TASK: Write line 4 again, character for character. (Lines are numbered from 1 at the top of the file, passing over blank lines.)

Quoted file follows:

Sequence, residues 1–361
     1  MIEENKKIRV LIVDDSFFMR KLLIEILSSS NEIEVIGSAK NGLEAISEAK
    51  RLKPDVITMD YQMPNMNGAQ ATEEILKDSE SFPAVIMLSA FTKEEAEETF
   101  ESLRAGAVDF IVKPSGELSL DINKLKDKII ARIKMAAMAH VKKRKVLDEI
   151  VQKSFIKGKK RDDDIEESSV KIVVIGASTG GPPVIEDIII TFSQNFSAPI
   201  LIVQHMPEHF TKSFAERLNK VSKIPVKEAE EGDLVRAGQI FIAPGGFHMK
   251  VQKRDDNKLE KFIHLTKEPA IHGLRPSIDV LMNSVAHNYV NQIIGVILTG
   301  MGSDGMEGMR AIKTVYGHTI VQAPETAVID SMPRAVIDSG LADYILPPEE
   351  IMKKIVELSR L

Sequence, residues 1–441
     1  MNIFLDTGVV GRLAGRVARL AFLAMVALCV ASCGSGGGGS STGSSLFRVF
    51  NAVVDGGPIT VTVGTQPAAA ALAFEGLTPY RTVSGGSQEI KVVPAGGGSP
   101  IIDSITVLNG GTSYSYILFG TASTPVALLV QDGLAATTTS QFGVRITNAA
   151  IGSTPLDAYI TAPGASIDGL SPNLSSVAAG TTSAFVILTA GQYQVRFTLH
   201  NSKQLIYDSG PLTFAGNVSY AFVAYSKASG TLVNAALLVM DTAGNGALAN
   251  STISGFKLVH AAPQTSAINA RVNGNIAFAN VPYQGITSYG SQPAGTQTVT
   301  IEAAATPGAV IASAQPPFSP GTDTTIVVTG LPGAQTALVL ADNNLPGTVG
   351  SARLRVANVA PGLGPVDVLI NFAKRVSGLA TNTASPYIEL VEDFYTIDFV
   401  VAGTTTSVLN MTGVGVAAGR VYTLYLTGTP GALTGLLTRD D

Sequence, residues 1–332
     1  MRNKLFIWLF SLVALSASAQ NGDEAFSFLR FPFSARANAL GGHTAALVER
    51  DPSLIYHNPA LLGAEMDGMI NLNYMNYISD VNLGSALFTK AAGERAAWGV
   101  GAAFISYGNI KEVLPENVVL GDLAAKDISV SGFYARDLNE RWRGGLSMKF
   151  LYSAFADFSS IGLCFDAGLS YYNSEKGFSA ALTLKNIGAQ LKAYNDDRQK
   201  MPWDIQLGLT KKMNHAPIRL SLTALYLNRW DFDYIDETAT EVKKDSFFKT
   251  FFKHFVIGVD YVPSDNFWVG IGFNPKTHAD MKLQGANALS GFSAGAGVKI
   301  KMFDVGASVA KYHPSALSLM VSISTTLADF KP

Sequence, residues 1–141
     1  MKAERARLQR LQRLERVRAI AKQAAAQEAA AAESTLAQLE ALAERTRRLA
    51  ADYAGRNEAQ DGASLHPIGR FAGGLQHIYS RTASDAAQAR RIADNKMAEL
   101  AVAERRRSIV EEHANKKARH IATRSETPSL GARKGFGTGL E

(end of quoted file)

   101  ESLRAGAVDF IVKPSGELSL DINKLKDKII ARIKMAAMAH VKKRKVLDEI